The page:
Critics of plans to renovate the Durham Light Infantry (DLI) Museum and Art Gallery have warned the council is spending too much money on the “pet project”. 

The building, which previously housed the collection of historic DLI artefacts, closed in 2016 after falling into a state of disrepair. 

Developers have outlined plans for its refurbishment including a new exhibition centre, gallery and a cafe. Expected to attract between 60,000 and 150,000 visitors a year, the venue will include a dedicated space to display key objects from the DLI Collection.

But amid financial uncertainty for Durham County Council, the Labour Party questioned the local authority’s decision to spend millions of pounds on the renovation and argued it could be better spent elsewhere. 

The Northern Echo: An artist's impression of the planned new DLI museum and art galleryAn artist's impression of the planned new DLI museum and art gallery (Image: Durham County Council)

Labour leader Cllr Carl Marshall told a full council meeting: “The cabinet is planning on spending £23m on a fancy restaurant and art gallery - a project branded as the reopening of the DLI, when their own press releases last week confirmed again that the DLI archives and collection will in fact open at The Story in June. 

“It’s about time they came clean with the public. This pet project is a complete waste of taxpayers' money, has no business plan or case, and adds additional budget pressures of £600,00 a year at least to the revenue budget.”

The Story, based at Mount Oswald in Durham City, is scheduled to open in June. Billed as a brand-new cultural venue and register office for Durham and the wider county, it will be housed in the recently restored Grade II listed Mount Oswald manor house. 

It will also be the permanent home for the whole DLI Collection, reuniting it with the DLI Archive for the first time since 1998.

Cllr Julie Scurfield, also of the Labour Party, criticised the “decision to invest council sums into a high-end restaurant that the vast majority of our families will never set foot in because very many of them are struggling just to put food into their children’s bellies.”

And Cllr David McKenna said the council would be “using public money on something that’s not needed”.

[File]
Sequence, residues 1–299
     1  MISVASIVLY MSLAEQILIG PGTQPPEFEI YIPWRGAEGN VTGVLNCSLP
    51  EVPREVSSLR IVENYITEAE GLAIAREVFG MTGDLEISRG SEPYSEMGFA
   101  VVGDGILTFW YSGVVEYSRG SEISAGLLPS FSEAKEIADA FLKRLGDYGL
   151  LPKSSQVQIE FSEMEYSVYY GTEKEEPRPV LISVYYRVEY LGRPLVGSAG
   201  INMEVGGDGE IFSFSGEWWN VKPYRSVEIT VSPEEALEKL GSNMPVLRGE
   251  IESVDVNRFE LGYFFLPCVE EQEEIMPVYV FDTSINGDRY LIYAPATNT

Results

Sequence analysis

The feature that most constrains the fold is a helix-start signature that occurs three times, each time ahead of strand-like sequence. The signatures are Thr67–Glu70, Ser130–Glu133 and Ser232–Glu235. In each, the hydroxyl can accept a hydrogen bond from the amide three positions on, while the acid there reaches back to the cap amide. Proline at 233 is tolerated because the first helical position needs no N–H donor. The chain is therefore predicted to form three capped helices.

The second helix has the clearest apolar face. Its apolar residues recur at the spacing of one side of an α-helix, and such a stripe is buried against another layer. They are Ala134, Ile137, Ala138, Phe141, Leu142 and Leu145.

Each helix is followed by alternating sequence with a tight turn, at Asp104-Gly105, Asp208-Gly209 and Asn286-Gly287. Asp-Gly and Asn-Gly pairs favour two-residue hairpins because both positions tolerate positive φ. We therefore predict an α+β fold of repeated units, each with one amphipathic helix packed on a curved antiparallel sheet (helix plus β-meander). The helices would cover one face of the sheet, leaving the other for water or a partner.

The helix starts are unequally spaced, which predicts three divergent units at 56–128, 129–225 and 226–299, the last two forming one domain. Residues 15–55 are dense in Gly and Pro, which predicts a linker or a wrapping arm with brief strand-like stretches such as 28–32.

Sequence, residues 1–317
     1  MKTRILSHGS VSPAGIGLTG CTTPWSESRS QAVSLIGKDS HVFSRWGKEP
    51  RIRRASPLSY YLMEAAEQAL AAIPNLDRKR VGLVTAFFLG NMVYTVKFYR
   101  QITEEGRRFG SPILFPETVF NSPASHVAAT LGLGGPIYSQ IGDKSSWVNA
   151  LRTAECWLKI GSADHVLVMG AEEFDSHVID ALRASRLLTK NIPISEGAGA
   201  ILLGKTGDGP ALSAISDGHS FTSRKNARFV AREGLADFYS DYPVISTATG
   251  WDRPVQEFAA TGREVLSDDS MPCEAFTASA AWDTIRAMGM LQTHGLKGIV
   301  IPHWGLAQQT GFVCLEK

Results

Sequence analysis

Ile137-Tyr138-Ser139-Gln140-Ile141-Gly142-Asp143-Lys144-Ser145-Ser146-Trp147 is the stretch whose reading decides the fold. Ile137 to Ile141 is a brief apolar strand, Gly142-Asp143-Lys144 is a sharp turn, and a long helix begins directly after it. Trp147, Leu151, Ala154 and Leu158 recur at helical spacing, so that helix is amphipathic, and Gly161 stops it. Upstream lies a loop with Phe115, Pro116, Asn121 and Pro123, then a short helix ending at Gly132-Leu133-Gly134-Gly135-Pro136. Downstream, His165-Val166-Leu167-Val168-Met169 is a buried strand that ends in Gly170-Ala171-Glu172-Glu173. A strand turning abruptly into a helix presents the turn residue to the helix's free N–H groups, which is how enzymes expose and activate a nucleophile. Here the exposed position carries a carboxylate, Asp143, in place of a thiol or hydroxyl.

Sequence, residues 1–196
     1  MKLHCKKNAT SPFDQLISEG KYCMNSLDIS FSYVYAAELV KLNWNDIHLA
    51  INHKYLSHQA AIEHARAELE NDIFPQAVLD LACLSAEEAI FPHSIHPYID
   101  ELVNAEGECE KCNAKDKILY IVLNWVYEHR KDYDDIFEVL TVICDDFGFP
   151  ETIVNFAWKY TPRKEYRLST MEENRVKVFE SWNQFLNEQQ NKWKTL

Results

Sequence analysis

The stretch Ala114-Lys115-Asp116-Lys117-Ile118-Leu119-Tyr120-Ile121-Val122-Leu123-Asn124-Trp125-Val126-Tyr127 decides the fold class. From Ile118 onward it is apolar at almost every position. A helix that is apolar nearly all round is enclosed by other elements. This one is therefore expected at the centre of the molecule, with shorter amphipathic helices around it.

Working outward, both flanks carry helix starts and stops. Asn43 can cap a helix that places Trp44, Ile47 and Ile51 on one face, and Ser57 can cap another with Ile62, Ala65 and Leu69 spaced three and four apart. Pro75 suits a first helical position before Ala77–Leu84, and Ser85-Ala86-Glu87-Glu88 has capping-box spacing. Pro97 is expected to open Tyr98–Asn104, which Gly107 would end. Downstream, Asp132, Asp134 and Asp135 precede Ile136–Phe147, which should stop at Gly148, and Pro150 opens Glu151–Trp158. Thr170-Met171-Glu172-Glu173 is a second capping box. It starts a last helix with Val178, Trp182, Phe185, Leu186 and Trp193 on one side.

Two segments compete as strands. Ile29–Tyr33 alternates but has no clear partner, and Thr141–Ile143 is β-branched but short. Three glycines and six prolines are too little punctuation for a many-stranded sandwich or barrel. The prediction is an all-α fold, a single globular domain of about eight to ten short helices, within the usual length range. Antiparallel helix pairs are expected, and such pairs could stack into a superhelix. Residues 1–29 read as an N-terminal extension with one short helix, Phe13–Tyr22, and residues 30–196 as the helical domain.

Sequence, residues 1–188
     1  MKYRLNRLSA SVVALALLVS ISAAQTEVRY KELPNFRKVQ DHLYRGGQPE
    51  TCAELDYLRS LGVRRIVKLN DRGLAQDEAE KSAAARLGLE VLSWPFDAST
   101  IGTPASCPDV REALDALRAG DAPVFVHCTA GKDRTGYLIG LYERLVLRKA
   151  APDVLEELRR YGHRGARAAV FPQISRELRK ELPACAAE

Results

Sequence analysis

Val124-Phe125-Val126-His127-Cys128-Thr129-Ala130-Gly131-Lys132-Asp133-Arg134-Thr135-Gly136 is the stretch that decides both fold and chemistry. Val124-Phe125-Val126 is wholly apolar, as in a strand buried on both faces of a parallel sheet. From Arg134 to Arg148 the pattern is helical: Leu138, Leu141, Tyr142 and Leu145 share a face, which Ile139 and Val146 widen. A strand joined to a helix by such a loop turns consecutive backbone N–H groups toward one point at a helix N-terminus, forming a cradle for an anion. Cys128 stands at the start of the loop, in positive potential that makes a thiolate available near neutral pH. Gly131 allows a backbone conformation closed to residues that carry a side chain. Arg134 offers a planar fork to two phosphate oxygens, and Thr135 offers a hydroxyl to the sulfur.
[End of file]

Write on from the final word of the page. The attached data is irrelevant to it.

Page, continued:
But members of the Joint Administration in charge of the council rubbished Labour’s criticism and supported the plans for the site.

Cllr Elizabeth Scott, cabinet member for economy, told the meeting: “Referring to the DLI as a high-end restaurant repeatedly is simply a lie and is propaganda. There is nothing in any official document talking about the facility as a restaurant. 

“We have a proud military history that Labour tossed aside, and they have made no apology for that. Under our administration, tourism has topped £1bn for the first time, demonstrating that our strategy is working.”

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Work will also be carried out to preserve and enhance the grounds of the building to create a reflective garden area, the council said. However, concerns have been raised that the ashes of fallen military heroes will be disturbed during these works.

Former veteran Cllr McKenna said: “I am very concerned at the idea of diggers and industrial equipment cutting through the turf where ashes of these Durham warriors have been laid to rest. This practice does not honour those who served the regiment. I do not want the lasting resting place of those that served to be disturbed. I ask the cabinet to have the area consecrated at the earliest opportunity.”

Durham County Council said it understands the grounds have a “strong historical and personal significance” to many people and topsoil from the site will be removed, preserved, and carefully re-laid in the new reflective garden area.